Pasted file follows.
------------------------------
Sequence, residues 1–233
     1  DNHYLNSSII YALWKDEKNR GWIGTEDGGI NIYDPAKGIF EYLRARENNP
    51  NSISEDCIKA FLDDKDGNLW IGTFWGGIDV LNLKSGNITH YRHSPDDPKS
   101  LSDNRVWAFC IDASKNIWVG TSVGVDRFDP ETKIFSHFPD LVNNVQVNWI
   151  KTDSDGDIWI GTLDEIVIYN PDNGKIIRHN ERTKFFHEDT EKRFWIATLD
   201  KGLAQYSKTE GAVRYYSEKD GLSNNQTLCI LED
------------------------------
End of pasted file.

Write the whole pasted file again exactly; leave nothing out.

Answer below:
Sequence, residues 1–233
     1  DNHYLNSSII YALWKDEKNR GWIGTEDGGI NIYDPAKGIF EYLRARENNP
    51  NSISEDCIKA FLDDKDGNLW IGTFWGGIDV LNLKSGNITH YRHSPDDPKS
   101  LSDNRVWAFC IDASKNIWVG TSVGVDRFDP ETKIFSHFPD LVNNVQVNWI
   151  KTDSDGDIWI GTLDEIVIYN PDNGKIIRHN ERTKFFHEDT EKRFWIATLD
   201  KGLAQYSKTE GAVRYYSEKD GLSNNQTLCI LED